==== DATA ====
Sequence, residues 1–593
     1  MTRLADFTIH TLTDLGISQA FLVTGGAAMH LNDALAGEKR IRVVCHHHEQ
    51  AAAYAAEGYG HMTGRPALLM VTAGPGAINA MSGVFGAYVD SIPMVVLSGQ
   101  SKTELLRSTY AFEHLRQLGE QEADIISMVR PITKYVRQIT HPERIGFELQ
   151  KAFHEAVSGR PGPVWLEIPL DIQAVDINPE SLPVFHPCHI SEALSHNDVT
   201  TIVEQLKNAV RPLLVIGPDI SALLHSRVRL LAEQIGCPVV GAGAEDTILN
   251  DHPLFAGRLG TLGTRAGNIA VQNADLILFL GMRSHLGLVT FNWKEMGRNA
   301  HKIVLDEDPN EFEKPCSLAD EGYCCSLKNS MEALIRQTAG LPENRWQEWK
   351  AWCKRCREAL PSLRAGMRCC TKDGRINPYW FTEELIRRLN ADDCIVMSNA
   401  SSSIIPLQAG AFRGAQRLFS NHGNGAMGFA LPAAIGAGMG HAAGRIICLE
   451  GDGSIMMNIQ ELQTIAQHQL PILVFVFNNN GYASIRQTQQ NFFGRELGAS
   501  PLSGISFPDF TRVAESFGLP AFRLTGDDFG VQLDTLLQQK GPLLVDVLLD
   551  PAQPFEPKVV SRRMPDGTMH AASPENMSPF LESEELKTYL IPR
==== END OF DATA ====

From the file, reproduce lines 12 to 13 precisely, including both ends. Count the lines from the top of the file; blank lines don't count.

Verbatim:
   501  PLSGISFPDF TRVAESFGLP AFRLTGDDFG VQLDTLLQQK GPLLVDVLLD
   551  PAQPFEPKVV SRRMPDGTMH AASPENMSPF LESEELKTYL IPR